A common thread throughout our Lower School teaching is that students learn by doing. That underlying principle is woven into service-learning, too.

lizAccording to the National Youth Leadership Council, KIDS Consortium, service-learning projects work best when they fit the ages and developmental abilities of the participants, include interesting and engaging service-related activities, explore the context of the underlying societal issues the service addresses, and address needs that are important to the community being served. While these goals may sound lofty for our youngest students, our Lower School teachers prepared meaningful and personally relevant service activities for their children that encompassed all of the above.

The Upper School Service Council selected Conservation as a theme for the October All-School Service Day. Over the course of a couple of weeks, Lower School students investigated and addressed real-world issues using 21st century skills of collaboration, open-ended inquiry, and problem-solving. Meaningful learning was a result of an interdisciplinary, hands-on approach to teaching. Below are highlights of grade-level activities.

After reading The Earth Book by Todd Parr, students in PK3 talked about keeping the Earth clean and what the recycling symbol means. They became recycle detectives and hunted for the symbol around campus. Sorting games provided practice for separating garbage into appropriate cans and then students created large recycle bins. The preschoolers also set conservation goals including: using only one paper towel to dry off their hands after they wash them; remembering to turn off the water after they wash their hands; and, eliminating paper cups at snack time, using instead the reusable cups they made.

Although rain prohibited the students in PK4 from beginning their preschool garden, their conservation efforts were not dampened. Using puffy paints, students made Earth pictures and discussed ways conservation and recycling can protect the Earth. They decorated water bottles that will stay at school and be used in lieu of paper cups. A recycle versus garbage sorting activity helped students see how much trash they can actually reuse.

Students in kindergarten focused on recycling and discussed big ways their small hands can take care of the Earth and nature. After reading stories about helping the Earth and watching a video about what happens at a recycling plant, students wrote in their journals and created a Recycled Robot out of recycled boxes and papers. After examining their lunches, students found ways they could reduce their garbage, such as using reusable or recyclable containers and cloth napkins.

First graders learned about filtered water, which is an important part of everyday life. Humans need to drink water to survive, and clean water allows them to drink healthy water that promotes well-being. Students discovered filtering this water takes work! A hands-on science activity showed students how water filters remove sediment and other substances from drinking water.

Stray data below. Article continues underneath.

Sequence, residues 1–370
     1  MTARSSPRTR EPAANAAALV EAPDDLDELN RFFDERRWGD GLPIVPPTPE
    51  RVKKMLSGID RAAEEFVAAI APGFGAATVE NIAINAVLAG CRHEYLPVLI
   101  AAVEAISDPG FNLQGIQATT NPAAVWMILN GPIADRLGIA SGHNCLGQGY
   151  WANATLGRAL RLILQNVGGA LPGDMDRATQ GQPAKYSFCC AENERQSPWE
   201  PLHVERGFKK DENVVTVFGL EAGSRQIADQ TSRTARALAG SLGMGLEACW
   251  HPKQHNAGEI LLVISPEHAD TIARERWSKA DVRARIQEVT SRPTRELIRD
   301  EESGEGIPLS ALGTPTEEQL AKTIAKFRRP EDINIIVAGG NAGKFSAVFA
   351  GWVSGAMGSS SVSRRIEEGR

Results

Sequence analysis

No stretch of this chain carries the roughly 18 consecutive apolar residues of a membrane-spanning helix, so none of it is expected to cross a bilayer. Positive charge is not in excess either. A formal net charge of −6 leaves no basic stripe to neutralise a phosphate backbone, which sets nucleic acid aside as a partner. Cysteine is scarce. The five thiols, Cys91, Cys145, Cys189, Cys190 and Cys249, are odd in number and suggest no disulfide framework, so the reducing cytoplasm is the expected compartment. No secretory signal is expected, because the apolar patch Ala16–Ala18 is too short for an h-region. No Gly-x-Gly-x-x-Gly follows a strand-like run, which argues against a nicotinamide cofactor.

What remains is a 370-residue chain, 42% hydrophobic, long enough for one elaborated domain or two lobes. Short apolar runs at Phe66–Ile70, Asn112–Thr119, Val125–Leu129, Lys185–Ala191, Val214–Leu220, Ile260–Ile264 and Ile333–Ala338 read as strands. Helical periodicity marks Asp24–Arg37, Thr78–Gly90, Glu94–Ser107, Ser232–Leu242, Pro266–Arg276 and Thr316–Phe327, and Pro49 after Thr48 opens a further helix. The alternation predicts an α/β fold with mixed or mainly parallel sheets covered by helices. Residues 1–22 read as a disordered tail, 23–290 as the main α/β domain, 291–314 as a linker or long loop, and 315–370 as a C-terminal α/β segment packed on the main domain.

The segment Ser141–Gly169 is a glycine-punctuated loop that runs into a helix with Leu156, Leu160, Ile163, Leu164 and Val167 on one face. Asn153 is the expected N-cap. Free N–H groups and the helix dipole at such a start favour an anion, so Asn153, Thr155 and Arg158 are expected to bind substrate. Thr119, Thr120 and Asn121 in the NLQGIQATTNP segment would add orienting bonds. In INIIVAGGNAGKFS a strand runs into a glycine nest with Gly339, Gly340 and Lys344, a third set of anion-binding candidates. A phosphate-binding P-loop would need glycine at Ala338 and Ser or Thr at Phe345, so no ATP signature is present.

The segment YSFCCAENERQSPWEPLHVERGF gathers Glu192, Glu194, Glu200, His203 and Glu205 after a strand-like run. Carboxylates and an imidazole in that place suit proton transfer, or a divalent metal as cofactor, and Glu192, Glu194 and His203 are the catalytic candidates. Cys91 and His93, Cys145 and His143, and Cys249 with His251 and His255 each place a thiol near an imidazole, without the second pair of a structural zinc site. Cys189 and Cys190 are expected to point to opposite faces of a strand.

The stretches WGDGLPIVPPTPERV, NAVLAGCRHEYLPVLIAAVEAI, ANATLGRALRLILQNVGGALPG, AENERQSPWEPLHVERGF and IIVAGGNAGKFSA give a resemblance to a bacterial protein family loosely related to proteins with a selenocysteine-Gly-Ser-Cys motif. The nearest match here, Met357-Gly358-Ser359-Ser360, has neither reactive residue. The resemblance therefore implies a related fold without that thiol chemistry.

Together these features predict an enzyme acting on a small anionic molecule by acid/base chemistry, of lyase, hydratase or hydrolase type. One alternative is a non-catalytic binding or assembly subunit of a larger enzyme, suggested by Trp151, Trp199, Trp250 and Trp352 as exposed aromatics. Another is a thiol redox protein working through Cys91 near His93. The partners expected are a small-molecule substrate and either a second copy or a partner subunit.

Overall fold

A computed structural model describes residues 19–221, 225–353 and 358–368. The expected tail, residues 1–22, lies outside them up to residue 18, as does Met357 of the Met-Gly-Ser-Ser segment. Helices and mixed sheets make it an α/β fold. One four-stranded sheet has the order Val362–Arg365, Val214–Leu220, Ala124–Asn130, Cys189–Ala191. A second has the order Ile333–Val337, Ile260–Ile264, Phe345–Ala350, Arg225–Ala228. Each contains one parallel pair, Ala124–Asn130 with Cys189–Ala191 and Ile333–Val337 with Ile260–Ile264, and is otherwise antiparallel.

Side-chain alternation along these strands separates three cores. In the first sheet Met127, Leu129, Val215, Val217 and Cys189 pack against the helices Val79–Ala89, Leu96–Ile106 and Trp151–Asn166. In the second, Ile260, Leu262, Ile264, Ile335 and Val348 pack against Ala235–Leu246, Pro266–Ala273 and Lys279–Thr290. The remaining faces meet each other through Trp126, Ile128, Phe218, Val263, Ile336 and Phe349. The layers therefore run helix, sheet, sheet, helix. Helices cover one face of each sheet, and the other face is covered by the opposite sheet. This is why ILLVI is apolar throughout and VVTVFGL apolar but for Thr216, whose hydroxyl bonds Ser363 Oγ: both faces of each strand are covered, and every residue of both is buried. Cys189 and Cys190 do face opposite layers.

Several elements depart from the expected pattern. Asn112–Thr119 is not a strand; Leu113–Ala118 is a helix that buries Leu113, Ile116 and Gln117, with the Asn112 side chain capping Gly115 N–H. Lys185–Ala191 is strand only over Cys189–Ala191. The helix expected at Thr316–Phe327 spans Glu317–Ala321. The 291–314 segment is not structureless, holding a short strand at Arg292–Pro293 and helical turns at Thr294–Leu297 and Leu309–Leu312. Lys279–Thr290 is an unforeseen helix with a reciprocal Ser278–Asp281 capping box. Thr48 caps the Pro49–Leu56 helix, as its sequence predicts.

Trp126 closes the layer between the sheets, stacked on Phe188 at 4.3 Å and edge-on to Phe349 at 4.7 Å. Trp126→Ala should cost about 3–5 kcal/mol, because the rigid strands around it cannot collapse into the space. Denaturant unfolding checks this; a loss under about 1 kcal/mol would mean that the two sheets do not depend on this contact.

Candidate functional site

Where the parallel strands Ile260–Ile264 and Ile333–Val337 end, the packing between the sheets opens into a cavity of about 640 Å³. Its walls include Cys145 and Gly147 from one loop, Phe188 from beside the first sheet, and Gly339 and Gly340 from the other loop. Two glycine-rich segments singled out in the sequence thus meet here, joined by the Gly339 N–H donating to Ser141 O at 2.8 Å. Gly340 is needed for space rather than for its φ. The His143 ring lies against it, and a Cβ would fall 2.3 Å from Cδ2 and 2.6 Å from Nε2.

Second graders  studied different energy sources and realized that some are renewable and others are non-renewable. They found examples of various energy sources in their lives. The children sang about several types of energy. In a “Today Show, Friday Summer Concert”-fashion, students presented their findings in several songs and interviews, using resources from the National Energy Education Development Project. Their Energy Rocks! series included student groups such as Bruce “Hot” Spring Steam and the Geysers singing about geothermal energy. Bernie and the Biomasters sang about waste heat. Madam and the Spillways harmonized about hydro-power. 10,000 Methanics, performed their hit single “Home on My Range” and taught listeners about natural gas. Unveiling their hit song “Solar Collection,” the band Fusion shared with listeners the power of solar energy. Darrieus and the Wind Spinners debuted “Watts on the Wind” and gave listeners a glimpse of blade power in wind energy.

Third graders drew inspiration form their summer read. In the novel, Marty McGuire Digs Worms, students were challenged to make something that is good or helpful to the environment. Our MPA students began working on an up-cycle project and created designs from recycled materials. Students presented their creations to their third grade peers.

In fourth grade, Middle School students visited and helped up-cycle cereal boxes and Lysol containers to make them more beautiful and useful for storage. The sixth grade class also shared books on conservation. We ended our service day with whole class and small group discussions on ways they could conserve in our community.

Fifth graders discussed conserving resources in school and at home. They focused specifically on recycling their garbage and conserving electricity. Students created signs for recycling bins to help them know what should go in recycling at home. They also designed covers for their light switches to help family members remember to turn off the lights when they leave the room.

Teachers set their students off on a path of guided-discovery and as a result, the students’ notions of conservation are both internal and personal. Because their learning was meaningful and developmentally appropriate, Lower School students’ understanding of conservation will last well beyond Service Day.

By Liz Raser

Mrs. Raser teaches second grade, is our Assistant Lower School Principal, and is the Curriculum Leader for the Elementary Team.